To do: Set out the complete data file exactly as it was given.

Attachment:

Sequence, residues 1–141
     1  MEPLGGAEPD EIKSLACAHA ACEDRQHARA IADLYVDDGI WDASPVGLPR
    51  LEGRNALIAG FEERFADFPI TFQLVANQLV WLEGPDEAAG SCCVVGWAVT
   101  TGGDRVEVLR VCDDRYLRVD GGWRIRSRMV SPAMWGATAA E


Sequence, residues 1–141
     1  MEPLGGAEPD EIKSLACAHA ACEDRQHARA IADLYVDDGI WDASPVGLPR
    51  LEGRNALIAG FEERFADFPI TFQLVANQLV WLEGPDEAAG SCCVVGWAVT
   101  TGGDRVEVLR VCDDRYLRVD GGWRIRSRMV SPAMWGATAA E